Bedoya was, for the second straight year, the best of the best. After him, it was an interesting assortment of talent. Blessing converted from winger to a dominant center mid (via right back!); Kaye turned from USL winger to MLS Best XI-candidate in 24 months; Pomykal emerged as the brightest young American talent in the league; and JDS switched from “defensive midfielder” to “actually, I’m just going to do everything because that’s what we need” for the Galaxy.

Doyle’s Note: I think I’d have Dos Santos higher, but I’m not willing to die on that hill.

Bedoya was an absolute G this year. I’ll say it once again, for old times sake: If he’d started that game in Couva the US would’ve cruised to a 2-0 win and we’d have avoided the past two years of searing existential dread.

Attacking midfielder:

  1. Nico Lodeiro
  2. Maxi Moralez
  3. Carles Gil
  4. Alejandro Pozuelo
  5. Diego Valeri

Moralez provided 20 assists for the top seed in the East. You won’t get a fight from me if you think the Argentine deserves the top spot. I gave it to Lodeiro because the Sounders No. 10 has a larger footprint on the field and his team. Lodeiro wasn’t as decisive or sharp on the ball as Moralez this year, largely because Lodeiro has more on his mind. He’s the engine, the playmaker, the problem solver, and the defensive organizer. He didn’t score 10/10 in any single category this year, but nobody in the league had to lead his team in all of them. Lodeiro and the Sounders navigated another season of ups and downs to finish the regular season second in the West for the third straight year and grab their second MLS Cup in four years.

Of note: Prior to the season, I said that we were in the second Golden Generation of MLS 10s. It did not hold up. Overall, it was a down year for attacking midfielders. Lucho Acosta, Pity Martinez, Ezequiel Barco, Pipa Higuain, Darwin Quintero, Kaku and Marco Fabian all had mediocre years, for one reason or another. Last season, neither Valeri 2019 nor Pozuelo 2019 would have cracked the Top 5.

Doyle’s Note: I initially recoiled at Maxi not being No. 1 – his numbers were eye-popping and his on/off splits were telling – but Lodeiro just continues to do so, so much on both sides of the ball for a Sounders team that keeps churning out 55 points and a deep playoff run almost every single season.

In a lot of ways he’s the most irreplaceable player in the league.

Winger

  1. Carlos Vela
  2. Diego Rossi
  3. Jordan Morris
  4. Alexandru Mitrita
  5. Cristian Espinoza

Vela and Rossi combined for 50 goals; it’s the most combined goals from an attacking duo in league history. After them, Jordan Morris was the story. He returned from a season-ending injury in 2018 with a more rounded game, combining his speed with enhanced comfort on the ball.

Mitrita and Espinoza flew under the radar this year. They both provide the Anticipation Factor – when they start running at defender, you get the feeling something cool is going to happen. Don’t be surprised if they become mainstream MLS names in 2020.

Doyle’s Note: Espinoza was good, but I struggle with putting him here. He only had two goals all season, and he disappeared down the stretch when the Quakes desperately needed production from someone other than Wondo. A top 5 winger would’ve won them a game or two in late summer, and Espinoza didn’t.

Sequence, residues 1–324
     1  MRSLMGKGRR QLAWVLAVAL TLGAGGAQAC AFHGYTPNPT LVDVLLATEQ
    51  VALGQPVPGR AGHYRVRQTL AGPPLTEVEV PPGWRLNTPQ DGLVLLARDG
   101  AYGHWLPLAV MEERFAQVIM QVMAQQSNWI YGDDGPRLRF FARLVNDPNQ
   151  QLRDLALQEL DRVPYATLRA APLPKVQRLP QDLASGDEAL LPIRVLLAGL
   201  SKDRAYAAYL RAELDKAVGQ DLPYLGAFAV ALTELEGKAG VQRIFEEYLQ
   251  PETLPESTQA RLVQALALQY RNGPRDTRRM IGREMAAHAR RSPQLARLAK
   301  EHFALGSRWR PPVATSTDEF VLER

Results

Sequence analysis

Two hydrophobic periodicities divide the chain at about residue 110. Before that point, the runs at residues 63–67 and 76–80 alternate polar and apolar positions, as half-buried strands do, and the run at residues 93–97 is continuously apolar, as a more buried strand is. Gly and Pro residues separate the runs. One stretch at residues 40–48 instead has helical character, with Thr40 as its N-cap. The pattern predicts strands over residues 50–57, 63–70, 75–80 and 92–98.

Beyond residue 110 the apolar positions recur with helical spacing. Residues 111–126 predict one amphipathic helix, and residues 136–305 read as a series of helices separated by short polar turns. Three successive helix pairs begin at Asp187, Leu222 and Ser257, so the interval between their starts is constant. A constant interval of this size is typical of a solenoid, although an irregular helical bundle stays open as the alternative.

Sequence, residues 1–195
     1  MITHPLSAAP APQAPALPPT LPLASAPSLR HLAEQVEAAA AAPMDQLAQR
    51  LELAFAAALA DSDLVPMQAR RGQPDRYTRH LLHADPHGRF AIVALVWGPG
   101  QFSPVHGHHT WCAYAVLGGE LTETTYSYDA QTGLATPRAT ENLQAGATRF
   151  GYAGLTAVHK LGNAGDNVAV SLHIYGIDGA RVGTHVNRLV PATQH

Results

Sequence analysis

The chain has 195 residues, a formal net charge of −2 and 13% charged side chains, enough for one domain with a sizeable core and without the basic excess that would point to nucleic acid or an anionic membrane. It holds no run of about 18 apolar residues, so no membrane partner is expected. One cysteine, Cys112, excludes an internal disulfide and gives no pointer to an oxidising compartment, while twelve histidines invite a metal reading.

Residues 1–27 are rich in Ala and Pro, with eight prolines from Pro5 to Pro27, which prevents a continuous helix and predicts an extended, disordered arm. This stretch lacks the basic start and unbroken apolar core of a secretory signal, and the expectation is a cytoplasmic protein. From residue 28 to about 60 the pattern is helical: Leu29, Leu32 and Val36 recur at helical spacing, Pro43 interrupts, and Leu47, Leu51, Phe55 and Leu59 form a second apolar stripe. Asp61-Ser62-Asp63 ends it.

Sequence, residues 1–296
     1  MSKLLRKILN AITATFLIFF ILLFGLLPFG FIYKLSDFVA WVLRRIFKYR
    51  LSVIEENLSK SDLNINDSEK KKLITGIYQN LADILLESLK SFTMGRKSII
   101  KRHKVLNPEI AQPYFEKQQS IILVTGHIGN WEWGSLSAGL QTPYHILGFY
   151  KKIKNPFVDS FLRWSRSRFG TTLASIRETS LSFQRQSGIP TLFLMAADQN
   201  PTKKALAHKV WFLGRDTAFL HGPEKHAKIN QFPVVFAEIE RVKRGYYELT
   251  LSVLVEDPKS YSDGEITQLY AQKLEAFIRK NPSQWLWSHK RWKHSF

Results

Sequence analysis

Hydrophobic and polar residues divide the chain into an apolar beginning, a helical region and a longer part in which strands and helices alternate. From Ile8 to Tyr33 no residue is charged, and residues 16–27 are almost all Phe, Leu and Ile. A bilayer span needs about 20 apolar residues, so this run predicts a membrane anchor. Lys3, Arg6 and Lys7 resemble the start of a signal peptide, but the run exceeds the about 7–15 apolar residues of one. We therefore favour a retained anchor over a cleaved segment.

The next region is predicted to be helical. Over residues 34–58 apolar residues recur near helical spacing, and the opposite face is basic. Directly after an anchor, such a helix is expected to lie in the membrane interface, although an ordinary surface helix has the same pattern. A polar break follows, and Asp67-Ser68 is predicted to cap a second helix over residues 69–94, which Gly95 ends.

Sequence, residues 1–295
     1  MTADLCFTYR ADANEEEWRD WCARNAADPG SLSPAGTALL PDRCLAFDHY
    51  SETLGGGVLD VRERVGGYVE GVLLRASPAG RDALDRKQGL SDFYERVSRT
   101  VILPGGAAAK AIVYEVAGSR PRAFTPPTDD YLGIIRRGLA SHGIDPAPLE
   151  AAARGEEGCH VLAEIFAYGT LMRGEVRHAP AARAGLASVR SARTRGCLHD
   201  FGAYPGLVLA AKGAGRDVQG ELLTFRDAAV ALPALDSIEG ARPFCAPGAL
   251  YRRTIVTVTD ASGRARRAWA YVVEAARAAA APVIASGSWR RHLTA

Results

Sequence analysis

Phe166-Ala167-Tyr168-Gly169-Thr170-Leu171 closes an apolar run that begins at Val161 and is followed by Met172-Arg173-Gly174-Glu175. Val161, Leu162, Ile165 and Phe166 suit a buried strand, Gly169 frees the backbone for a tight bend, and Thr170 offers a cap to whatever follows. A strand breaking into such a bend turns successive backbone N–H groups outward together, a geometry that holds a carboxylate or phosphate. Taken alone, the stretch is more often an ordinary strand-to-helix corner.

By the way, I find it legitimately depressing that neither Jefferson Savarino nor Alberth Elis are on this list, and that neither has an actual claim to be.

Striker

  1. Josef Martinez
  2. Zlatan Ibrahimovic
  3. Heber
  4. Kacper Przybylko
  5. Raul Ruidiaz

Josef won the 2018 Landon Donovan MLS MVP Award; the Venezuelan was even more valuable to Atlanta United in 2019. He took on a larger role in the attack and helped navigate the start of the post-Tata Martino era to two trophies and the Eastern Conference Final… not to mention those 27 goals he banged home.

Zlatan scored more goals than Josef, 30, but didn’t have the same level of overall impact on his team. Ruidiaz makes this list entirely on the back of his playoff performance: four goals and four assists. We expect star players to step up in the biggest moments, and Ruidiaz has done that.

Doyle’s Note: Zero issues with this list at all. I just feel bad for poor Przybylko, whod been so good for so long and then got injured at the worst possible time.

Wildcard

  1. Ilsinho
  2. Gustavo Bou
  3. Valentin Castellanos

We added a new category this year to accommodate the players who deserve to be somewhere on this list but don’t quite have a specific spot. Ilsinho, for example, is a winger, but he’s not just a winger. (Gods don’t have positions.) Likewise, Bou might have been listed on the lineup sheet as a forward, but he had the freedom to do what he wanted. (I think the league is still sleeping on Bou and he could have a 20/10 season in 2020.)

And though Castellanos wasn’t necessary given the freedom of Ilsinho or Bou – his positional flexibility was mostly due to team needs – he established himself as a stud, earning a call-up to Argentinas Under-23 team.

Doyle’s Note: I’ll straight-up admit that I don’t understand Ilsinhos presence here, as he’s the archetype of a winger in my mind. But this is your column, so…

Bou’s a classic second forward, something we don’t see much of anymore. His numbers were spectacular this year, but those underlying metrics should provide at least a little bit of pause. Same with Castellanos, though the gap wasn’t quite so huge.



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Dmca